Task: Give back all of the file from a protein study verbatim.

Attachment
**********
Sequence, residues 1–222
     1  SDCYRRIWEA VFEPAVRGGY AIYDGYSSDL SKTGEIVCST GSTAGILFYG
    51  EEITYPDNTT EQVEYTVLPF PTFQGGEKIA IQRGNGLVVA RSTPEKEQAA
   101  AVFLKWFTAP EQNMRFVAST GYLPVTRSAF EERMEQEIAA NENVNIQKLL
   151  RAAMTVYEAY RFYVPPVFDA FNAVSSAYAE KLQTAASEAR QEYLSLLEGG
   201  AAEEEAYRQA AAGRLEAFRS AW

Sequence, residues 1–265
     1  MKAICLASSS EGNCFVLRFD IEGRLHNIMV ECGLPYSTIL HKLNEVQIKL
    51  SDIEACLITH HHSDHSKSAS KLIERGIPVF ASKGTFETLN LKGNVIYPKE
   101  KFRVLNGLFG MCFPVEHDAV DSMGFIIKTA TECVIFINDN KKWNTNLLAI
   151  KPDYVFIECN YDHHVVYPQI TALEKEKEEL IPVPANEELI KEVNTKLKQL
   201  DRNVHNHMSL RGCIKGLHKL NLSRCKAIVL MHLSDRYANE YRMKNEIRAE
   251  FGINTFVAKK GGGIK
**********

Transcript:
Sequence, residues 1–222
     1  SDCYRRIWEA VFEPAVRGGY AIYDGYSSDL SKTGEIVCST GSTAGILFYG
    51  EEITYPDNTT EQVEYTVLPF PTFQGGEKIA IQRGNGLVVA RSTPEKEQAA
   101  AVFLKWFTAP EQNMRFVAST GYLPVTRSAF EERMEQEIAA NENVNIQKLL
   151  RAAMTVYEAY RFYVPPVFDA FNAVSSAYAE KLQTAASEAR QEYLSLLEGG
   201  AAEEEAYRQA AAGRLEAFRS AW

Sequence, residues 1–265
     1  MKAICLASSS EGNCFVLRFD IEGRLHNIMV ECGLPYSTIL HKLNEVQIKL
    51  SDIEACLITH HHSDHSKSAS KLIERGIPVF ASKGTFETLN LKGNVIYPKE
   101  KFRVLNGLFG MCFPVEHDAV DSMGFIIKTA TECVIFINDN KKWNTNLLAI
   151  KPDYVFIECN YDHHVVYPQI TALEKEKEEL IPVPANEELI KEVNTKLKQL
   201  DRNVHNHMSL RGCIKGLHKL NLSRCKAIVL MHLSDRYANE YRMKNEIRAE
   251  FGINTFVAKK GGGIK